I wrote yesterday about the most recent OECD numbers on “Average Individual Consumption” in member nations.
There was a very clear lesson in that data about the dangers of excessive government. The United States was at the top in this measure of household living standards, not because American policies are great, but rather because huge welfare states in Europe have undermined economic vitality on the other side of the Atlantic.
Indeed, the only countries even remotely close to the United States were oil-rich Norway and the two tax havens of Switzerland and Luxembourg.
Those AIC numbers gave us an interesting snapshot of relative living standards in 2014.
But what would we discover if we looked at how that data has changed over time?
It appears that the OECD began assembling that data back in 2002. Here’s a table showing how nations rose or fell, relative to other OECD nations, since then. Based on convergence theory, one would expect to see that poorer nations enjoyed the biggest relative gains, while richer nations fell in the rankings. And that is what generally happened, but with some notable exceptions.
Here are the countries that did not conform, for either good reasons or bad reasons, to convergence theory.
We’ll start with the nations that have bragging rights.
- Chile started at the very bottom compared to the rich nations of the western world, so anything other than a large increase would have been a disappointment. But the magnitude of Chile’s increase is nonetheless quite impressive and presumably a testament to pro-market reforms.
- Finland was almost 7 points below the OECD average in 2002 and now is more than 2 points above the average, which is a significant jump for a nation near the middle of the pack. Maybe having sensible leaders is a good idea.
- Oil-rich Norway was above average at the start of the period and even farther above average at the end of the period.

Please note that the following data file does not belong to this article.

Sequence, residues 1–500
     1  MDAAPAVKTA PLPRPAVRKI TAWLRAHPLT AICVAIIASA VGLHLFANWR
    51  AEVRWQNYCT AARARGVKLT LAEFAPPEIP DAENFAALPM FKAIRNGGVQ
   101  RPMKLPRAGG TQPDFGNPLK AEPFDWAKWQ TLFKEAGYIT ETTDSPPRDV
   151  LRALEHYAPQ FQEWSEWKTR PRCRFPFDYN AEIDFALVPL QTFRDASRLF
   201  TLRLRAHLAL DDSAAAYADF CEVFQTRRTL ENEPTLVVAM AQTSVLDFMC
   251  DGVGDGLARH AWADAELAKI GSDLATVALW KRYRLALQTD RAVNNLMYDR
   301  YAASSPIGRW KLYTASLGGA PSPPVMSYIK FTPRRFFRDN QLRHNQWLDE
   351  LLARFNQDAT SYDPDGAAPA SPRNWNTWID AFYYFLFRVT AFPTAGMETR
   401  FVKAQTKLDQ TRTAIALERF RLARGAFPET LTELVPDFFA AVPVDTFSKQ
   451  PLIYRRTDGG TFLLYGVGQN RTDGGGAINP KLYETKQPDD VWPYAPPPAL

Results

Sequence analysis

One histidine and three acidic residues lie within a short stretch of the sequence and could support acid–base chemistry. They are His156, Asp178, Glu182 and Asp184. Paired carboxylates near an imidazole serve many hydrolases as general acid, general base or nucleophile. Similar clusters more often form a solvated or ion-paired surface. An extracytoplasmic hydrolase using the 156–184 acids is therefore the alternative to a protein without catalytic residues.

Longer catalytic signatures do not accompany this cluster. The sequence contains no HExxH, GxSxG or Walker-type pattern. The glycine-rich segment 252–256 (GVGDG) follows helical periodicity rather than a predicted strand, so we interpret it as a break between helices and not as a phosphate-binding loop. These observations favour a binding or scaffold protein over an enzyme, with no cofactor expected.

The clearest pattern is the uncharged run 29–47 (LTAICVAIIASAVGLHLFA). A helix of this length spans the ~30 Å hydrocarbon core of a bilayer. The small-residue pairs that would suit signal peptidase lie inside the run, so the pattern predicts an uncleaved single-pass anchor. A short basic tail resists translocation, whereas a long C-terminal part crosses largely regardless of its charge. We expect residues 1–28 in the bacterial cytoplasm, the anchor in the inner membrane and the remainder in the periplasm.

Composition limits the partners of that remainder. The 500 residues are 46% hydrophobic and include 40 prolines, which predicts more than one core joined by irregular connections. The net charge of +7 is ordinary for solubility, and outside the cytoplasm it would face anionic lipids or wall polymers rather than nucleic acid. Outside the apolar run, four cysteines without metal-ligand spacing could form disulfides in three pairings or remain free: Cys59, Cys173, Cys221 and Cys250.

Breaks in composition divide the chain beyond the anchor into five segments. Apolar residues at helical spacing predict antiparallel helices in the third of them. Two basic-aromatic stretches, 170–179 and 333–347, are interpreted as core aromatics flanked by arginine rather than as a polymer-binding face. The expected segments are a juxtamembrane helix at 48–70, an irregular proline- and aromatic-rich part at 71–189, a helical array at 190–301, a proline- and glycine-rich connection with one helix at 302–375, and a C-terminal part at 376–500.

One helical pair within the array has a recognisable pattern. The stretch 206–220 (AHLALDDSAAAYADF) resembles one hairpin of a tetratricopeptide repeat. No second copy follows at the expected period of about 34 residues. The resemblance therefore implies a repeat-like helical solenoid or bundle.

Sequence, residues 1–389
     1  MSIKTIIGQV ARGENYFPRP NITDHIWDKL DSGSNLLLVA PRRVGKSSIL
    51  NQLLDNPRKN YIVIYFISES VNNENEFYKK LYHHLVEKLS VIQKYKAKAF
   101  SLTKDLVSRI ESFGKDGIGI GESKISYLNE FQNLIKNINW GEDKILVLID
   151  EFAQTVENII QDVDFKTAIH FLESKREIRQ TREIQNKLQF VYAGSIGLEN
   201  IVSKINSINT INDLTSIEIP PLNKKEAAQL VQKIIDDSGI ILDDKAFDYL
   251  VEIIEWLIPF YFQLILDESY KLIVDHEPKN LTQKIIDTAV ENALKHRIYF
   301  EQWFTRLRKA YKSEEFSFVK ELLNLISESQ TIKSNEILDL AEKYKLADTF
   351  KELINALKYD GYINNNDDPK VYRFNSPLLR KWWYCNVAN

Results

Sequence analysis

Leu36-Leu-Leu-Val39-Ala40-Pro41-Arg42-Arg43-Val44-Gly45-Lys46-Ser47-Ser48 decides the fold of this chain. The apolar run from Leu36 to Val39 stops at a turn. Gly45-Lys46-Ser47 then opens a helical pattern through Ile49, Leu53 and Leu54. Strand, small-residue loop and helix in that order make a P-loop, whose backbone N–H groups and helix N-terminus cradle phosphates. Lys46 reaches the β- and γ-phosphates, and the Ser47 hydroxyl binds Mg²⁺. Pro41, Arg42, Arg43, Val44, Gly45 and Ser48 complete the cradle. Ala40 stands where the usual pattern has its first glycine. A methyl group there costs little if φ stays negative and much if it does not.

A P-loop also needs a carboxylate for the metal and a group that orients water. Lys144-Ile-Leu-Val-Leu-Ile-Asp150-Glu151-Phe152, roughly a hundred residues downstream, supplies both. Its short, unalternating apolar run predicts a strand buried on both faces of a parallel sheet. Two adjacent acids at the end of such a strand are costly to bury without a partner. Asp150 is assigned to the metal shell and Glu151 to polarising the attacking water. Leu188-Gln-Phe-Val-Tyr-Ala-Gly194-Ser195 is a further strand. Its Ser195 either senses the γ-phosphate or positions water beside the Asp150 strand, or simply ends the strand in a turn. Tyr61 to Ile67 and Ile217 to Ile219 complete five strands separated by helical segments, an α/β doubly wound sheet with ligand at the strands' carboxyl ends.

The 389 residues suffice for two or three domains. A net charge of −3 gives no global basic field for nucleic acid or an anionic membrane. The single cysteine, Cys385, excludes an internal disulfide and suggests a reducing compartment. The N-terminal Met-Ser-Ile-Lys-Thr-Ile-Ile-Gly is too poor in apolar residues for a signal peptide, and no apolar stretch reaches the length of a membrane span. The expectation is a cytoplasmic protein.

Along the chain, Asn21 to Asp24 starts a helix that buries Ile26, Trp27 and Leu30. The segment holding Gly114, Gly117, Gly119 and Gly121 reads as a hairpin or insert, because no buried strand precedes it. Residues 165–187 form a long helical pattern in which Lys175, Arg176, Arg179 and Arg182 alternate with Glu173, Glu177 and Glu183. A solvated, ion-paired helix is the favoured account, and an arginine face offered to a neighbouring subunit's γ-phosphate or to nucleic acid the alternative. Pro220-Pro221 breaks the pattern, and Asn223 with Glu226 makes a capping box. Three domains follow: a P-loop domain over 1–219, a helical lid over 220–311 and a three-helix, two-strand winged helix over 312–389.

- The United States was very high in 2002 and remained very high in 2014. Since that outcome violates convergence theory, that’s a non-trivial accomplishment and another piece of evidence that big governments in Europe are imposing a harsh economic cost.
- Switzerland also started high and remained high. That’s presumably a reflection of good policies such as federalism and spending restraint.
Now for the nations that did not fare well.
- Luxembourg suffered a large drop, some of which is understandable since the tiny tax haven was in first place back in 2002. But the magnitude of the decline – particularly compared to the United States and Switzerland – is not an encouraging sign. This may be a sign that anti-tax competition efforts by the OECD have hit the nation hard.
- Greece, Spain, Ireland, and Italy all tumbled in the rankings even though – at best – they started in the middle of the pack. It will be interesting to see how these nations perform as they recover (or don’t recover, as I expect in the cases of Italy and Greece) from the European fiscal crisis.
- Slovenia also went from bad to worse, which perhaps is not a big surprise since it is one of the least reform-oriented countries to emerge from the Soviet Bloc.
- The United Kingdom suffered a rather large decline, almost all of which happened under the profligate Blair and Brown Labour governments. This will be another nation that will be interesting to watch in coming years, particularly because of Brexit.
- France and the Netherlands also suffered, starting well above average in 2002 but falling to the mean in 2014.
If you like this kind of data on whether nations are trending in the right direction or wrong direction, I’ve also tinkered with the data from Economic Freedom of the World.
I also looked specifically at changes in Europe this century and did not find any reason for optimism.
The bottom line is that there’s no substitute for free markets and limited government. If nations want faster growth and more prosperity, they need to mimic jurisdictions such as Hong Kong and Singapore.
Unfortunately, there’s very little reason to be optimistic about that happening in Europe.